Mortgage

2% Mortgage Curiosity: Actual Or Advertising and marketing Gimmick?

Mortgage rates below 2.5% are real – for some

United Wholesale Mortgage (UWM) recently made headlines for offering 2.5% mortgage and refinancing rates. Now the bar has been lowered even further with a VA loan interest rate of 2.25%.

And other lenders follow suit. At the time of writing, at least one lender in our network was offering 30-year refinancing rates of only 2.49% (2.644% APR). *

But how realistic are these prices? Is 2.5% the exception or is it a real interest rate that is available to regular borrowers?

As always, it depends on what you qualify for.

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* The interest rate estimate is based on a credit score of 720 and an LTV rate of 73%

Regardless of whether you qualify for 2.25% or not, the rates are ridiculously low

The truth is that the lowest advertised interest rates almost always go to prime borrowers. those with excellent credit scores and 20% down payments.

A mortgage rate of 2.25% could therefore be unattainable for some. But the good news is that prices across the board are still incredibly low.

Regardless of how strong your application is, lenders are now offering better interest rates than a year, six months, or even a month ago.

How low is low? Freddie Mac has reported average weekly mortgage rates since the 1970s. Think about where we were.

The prices we see today are part of a long trend. A very long trend.

Mortgage rates have been falling generally since the early 1980s. The 30-year rates rose from 16.63% in 1981 to only 3.13% in June 2020.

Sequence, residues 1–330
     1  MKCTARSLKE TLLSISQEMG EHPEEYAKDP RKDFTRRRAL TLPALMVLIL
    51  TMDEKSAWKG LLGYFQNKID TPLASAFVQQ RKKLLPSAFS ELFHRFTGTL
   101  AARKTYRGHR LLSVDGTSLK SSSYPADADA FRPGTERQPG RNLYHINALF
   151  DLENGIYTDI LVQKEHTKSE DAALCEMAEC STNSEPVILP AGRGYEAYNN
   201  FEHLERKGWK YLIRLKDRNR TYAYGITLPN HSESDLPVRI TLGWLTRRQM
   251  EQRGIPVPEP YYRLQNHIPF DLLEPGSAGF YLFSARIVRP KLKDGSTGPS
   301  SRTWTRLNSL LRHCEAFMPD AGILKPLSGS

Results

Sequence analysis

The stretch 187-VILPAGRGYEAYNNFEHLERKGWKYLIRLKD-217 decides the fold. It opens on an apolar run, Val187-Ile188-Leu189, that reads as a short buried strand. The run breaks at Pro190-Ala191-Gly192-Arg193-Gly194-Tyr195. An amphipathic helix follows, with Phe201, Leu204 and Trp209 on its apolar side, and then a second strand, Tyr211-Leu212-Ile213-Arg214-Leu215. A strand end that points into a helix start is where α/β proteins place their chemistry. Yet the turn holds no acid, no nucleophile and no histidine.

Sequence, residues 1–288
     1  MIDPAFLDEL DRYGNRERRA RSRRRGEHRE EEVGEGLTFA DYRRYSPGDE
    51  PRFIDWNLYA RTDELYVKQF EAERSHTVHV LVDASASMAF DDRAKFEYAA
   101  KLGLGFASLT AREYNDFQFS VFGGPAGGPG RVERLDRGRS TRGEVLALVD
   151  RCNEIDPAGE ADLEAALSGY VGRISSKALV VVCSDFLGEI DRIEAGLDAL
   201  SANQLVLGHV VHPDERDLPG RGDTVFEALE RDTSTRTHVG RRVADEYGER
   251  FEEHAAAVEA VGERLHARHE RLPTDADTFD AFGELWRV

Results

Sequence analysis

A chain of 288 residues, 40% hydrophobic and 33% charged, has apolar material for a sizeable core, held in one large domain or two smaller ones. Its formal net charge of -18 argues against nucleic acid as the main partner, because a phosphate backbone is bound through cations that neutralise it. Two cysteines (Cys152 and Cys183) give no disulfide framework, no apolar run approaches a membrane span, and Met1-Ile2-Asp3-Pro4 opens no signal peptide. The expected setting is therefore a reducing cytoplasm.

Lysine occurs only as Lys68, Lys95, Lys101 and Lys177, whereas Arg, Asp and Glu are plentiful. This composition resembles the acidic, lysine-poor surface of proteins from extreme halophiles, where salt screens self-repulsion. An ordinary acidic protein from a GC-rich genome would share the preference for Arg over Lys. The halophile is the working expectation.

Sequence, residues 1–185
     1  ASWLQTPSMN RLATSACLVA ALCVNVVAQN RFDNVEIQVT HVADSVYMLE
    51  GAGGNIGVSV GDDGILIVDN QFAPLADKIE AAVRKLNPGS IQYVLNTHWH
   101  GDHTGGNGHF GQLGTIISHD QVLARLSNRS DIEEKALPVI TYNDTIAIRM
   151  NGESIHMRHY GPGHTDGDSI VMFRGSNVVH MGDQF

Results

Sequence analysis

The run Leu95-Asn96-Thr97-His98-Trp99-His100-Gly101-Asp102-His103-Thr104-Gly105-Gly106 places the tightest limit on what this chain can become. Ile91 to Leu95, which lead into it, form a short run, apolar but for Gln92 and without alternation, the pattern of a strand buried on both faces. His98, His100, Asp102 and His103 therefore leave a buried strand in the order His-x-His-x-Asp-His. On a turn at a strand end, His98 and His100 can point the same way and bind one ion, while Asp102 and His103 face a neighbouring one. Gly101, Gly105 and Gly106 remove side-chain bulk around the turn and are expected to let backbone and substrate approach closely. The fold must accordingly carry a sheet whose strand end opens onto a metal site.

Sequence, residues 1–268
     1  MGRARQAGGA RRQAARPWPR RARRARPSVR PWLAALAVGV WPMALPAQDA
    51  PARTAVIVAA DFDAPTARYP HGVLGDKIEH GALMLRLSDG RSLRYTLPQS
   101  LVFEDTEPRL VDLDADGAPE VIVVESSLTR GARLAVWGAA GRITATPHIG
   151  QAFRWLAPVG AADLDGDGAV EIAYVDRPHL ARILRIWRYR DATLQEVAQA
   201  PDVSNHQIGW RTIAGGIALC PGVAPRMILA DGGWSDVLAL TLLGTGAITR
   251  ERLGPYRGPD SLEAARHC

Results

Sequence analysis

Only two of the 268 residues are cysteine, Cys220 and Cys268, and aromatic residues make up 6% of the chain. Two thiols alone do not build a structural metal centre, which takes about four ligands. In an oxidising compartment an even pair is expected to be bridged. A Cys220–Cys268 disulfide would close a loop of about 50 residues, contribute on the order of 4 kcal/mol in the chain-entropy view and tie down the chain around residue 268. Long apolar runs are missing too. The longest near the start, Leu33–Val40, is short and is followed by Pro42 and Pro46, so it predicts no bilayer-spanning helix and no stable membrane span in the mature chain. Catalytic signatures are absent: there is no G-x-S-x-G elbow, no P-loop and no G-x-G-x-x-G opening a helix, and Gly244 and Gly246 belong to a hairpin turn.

Period
Average 30 year rate
Period
Average 30 year rate

1981
16.63%
Jan. 2020
3.62%
1990
10.13%
February 2020
3.47%
2000
8.05%
March 2020
3.45%
2008
6.03%
April 2020
3.31%
2012
3.66%
May 2020
3.23%
2019
3.94%
June 25, 2020
3.13%

Data: Freddie Mac

Many would not have thought it possible 20 years ago – or even a year ago – but interest rates in the low 3% range are now often quoted. And prices in the 2s are a reality for some.

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Advertised mortgage rates compared to the rate you receive

You've probably heard the advertisements for a million dollar life insurance for $ 26 a month. These guidelines exist – but not if you are a smoker or 65 years of age.

In a similar sense, there are many seductive mortgage offers. Prices so low that they look like typos. But is such funding really available?

The answer is yes for some borrowers, but no for others. To see who qualifies and who doesn't, you need to see the full range.

The truth about 2.25% VA loan interest

Consider the advertised 2.25% VA mortgage rate from UWM as an an example. (However, this reasoning also applies to loans without a VA.)

Every real estate financing comes with conditions and requirements.

In the case of the 2.25% VA mortgage offer, UWM provides an example that assumes a “30-year VA loan with a fixed interest rate at an interest rate of 2.25% and a mortgage lending value of 80% (LTV)”.

When reading the example and related materials, some questions need to be asked.

Are you VA qualified?
What is your credit rating? (At least 640 are required)
Are you buying a house or refinancing?
When you buy, are you ready to cut 20%?
If you refinance, do you keep at least 20% equity in your home?
What is the rate for VA financing where nothing has dropped?